Monarch butterflies could soon be included on the Endangered Species List. A total of 52 members of Congress have signed onto a petition urging President Barack Obama to support such an inclusion. The Monarch Butterfly population has reportedly decreased by 90 percent during the past two decades. The lawmakers want the butterfly species to be noted as threatened under the Endangered Species Act – ESA.
The Monarch butterflies letter was sent to President Obama on Tuesday with Representative Chellie Pingree spearheading Endangered Species List effort.”The loss of habitat and devastation of the Monarch population should be a wakeup call. If we keep applying ever increasing amounts of chemicals to farm lands it’s going to have an impact on the environment,” Representative Pingree said.
The U.S. Fish and Wildlife Service is mandated to issue a “12-month finding” on the Monarch butterfly petition that will propose protection under the Endangered Species Act. As previously reported by the Inquistr, last fall the Center for Food Safety, The Center for Biological Diversity, and the Xerces Society filed a petition with the U.S. Fish and Wildlife Service pushing for the Monarch butterfly to be deemed “threatened” and added to the Endangered Species List. The 2014 petition cited the significant threat to the habitat of the butterfly when pushing for great protections.
Center for Food Safety Executive Director Andrew Kimbrell had something to say about the efforts to save the Monarch butterfly.
“Listing Monarch butterflies as a threatened species is essential to their survival. An iconic species is on the verge of extinction because of our chemically intensive agricultural system. This petition is the scientific and legal blueprint for creating the protection that the monarch so direly needs. We thank Representative Pingree for her stalwart support and hope that this sends a strong signal to the Obama Administration.”
“Monarchs in Peril,” a report authored by the Center for Food Safety, stated that the butterfly’s “dramatic decline” is being “driven in large part by the widespread planting of genetically engineered crops in the Midwest, where most monarchs are born.” Honeybees have also faced extremely steep population declines since 2004. GMO crops and chemical herbicides used both in backyards and farms, are noted as likely culprits by many environmentalists and scientists. The honeybee pollinated at least 70 percent of the food eaten by humans – if the bees all die, the human race will only be a few years behind. If the Monarch butterfly Endangered Species Act bid is successful, perhaps the honeybees will one day soon be offered similar protections.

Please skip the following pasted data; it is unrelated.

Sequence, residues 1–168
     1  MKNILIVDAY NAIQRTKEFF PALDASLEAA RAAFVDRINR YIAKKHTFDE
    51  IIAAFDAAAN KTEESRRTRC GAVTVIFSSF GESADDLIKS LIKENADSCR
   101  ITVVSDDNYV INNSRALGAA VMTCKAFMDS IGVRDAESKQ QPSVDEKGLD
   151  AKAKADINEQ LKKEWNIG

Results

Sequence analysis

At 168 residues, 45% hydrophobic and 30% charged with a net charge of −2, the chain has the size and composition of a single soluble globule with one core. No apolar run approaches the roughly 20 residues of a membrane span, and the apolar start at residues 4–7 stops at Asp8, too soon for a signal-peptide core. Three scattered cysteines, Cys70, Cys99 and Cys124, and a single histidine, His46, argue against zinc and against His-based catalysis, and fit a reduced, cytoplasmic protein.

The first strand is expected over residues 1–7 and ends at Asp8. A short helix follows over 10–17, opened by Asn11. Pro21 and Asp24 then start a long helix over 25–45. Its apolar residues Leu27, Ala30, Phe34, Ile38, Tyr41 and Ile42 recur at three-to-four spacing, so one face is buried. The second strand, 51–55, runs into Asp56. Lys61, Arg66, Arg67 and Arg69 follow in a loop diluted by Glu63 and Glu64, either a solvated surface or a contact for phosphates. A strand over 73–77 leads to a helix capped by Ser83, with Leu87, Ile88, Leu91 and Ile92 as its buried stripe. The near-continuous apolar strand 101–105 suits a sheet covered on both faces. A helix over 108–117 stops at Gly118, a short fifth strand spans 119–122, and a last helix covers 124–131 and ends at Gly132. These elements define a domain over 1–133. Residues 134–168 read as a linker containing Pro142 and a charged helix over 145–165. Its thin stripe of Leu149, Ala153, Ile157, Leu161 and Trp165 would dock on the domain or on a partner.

Most GMO crops are made to be resistant to Monsanto’s Roundup herbicide. The chemical herbicide is a also a strong killer of milkweed- the only food eaten by the Monarch caterpillar. The enhanced use the Monsanto Roundup Ready crops has nearly killed all the milkweed plants in the Midwest where the majority of corn and soybeans are grown in America.
“The monarch butterfly is the ‘canary in the cornfield’ – it serves as a critical indicator species by highlighting larger environmental problems with our chemically-intensive agricultural system. Many species of pollinators, not just monarchs, are at risk if we don’t address the underlying problems with our food system,” said Larissa Walker, pollinator campaign director at Center for Food Safety.
Do you think honeybees and Monarch butterflies should be placed on the Endangered Species List?
[Image via: Shutterstock.com]